Radford, 34, who says she never “grew out” of her adolescent love for Spears, had never heard of a conservatorship before. The Spears fans around her had little concern about the cause, and the phrase on her clothing wasn’t a hashtag yet — just a couple of words she’d read on a fansite.
“It was just a way of trying to convey the situation,” said Jordan Miller, the owner of the fansite and the man who coined the expression “Free Britney” in a series of breathless posts to his readers in late 2008. “I was 19, 20 years old … all of this came flying out of me.”
Today, those two words describe arguably the defining pop culture crusade of the internet era. The #FreeBritney movement, which claims the star is being kept against her will in a legal stranglehold that denies her even the most basic personal freedoms, has outposts around the world and has drawn intense media scrutiny onto the singer’s case in recent years.
Virtually all of its adherents’ claims — such as that Spears does not handle her own social media, that she is not allowed to drive or own a phone, and that she has been threatened or prohibited from criticizing the arrangement in public — are strongly denied by those close to Spears or involved in the conservatorship.
They say the order, which has been in place since 2008, exists for Spears’ protection and has helped the singer get her career and personal life on track — while noting the singer has never asked a court for it to be dissolved. Neither Spears nor her publicist responded to CNN’s request for comment for this article.
But the band of internet sleuths and hardcore supporters, once generally dismissed as fringe conspiracists, have nonetheless dedicated much of their lives to their cause of “freeing” her, spreading their concerns online under the ever-present #FreeBritney hashtag and winning over a number of celebrities and public figures. A New York Times documentary highlighted their cause earlier this year, drawing attention to the movement from beyond the avid Spears fanbase.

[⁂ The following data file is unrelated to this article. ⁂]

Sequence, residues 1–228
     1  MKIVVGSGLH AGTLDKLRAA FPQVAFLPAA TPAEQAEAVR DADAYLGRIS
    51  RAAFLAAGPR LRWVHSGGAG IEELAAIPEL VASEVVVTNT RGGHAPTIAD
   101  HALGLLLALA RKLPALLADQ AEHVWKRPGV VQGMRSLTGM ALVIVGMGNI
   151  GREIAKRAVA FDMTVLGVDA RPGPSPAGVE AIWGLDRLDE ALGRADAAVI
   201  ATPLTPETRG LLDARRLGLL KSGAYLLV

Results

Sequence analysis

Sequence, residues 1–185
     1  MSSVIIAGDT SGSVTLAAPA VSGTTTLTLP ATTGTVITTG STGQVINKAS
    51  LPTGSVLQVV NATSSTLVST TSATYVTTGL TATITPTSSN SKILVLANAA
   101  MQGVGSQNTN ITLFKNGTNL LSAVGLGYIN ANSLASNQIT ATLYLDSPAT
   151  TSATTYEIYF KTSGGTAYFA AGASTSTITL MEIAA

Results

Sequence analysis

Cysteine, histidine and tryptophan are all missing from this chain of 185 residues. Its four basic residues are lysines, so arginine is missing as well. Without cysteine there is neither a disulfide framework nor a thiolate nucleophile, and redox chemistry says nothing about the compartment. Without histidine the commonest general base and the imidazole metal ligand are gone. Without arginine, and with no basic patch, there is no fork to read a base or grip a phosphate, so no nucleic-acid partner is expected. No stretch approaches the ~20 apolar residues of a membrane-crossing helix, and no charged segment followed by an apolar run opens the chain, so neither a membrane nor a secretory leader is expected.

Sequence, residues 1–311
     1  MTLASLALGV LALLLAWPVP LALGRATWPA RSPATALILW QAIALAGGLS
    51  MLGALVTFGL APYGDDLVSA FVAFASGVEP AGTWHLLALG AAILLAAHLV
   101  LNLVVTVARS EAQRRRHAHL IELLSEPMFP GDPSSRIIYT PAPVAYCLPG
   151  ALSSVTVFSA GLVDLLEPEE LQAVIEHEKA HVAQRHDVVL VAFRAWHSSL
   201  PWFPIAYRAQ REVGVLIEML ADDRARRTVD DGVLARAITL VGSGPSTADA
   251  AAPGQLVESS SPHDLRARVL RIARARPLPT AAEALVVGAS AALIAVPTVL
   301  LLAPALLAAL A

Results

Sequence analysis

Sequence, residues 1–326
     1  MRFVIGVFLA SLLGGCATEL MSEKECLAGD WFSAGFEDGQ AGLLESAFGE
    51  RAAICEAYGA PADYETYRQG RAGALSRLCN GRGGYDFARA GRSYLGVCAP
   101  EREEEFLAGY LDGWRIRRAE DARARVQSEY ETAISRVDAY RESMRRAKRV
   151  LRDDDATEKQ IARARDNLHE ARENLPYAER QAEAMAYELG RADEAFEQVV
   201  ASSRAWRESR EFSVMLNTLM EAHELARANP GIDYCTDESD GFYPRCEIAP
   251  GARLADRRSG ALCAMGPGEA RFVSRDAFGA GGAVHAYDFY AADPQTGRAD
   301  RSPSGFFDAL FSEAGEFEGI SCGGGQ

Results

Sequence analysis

So for many of the campaigners, Wednesday — when Spears is expected to speak at a California court hearing, potentially ending a years-long silence on the matter — feels like a day of reckoning.
“It’s nerve-racking, because finally we’re going to have some answers and some insight,” said a Free Britney leader, Junior Olivas, who plans to be demonstrating outside the Los Angeles Superior Court. “We’ve been hearing from everyone around Britney, but not Britney herself.”
Spears’ father, Jamie Spears, was first court-appointed as a joint conservator of his daughter’s estate in 2008, along with attorney Andrew Wallet, following a series of personal issues that played out publicly for the singer. For most of that period, he also oversaw her health and medical decisions, and in 2019 he became the sole conservator of the singer’s $60 million estate when Wallet resigned.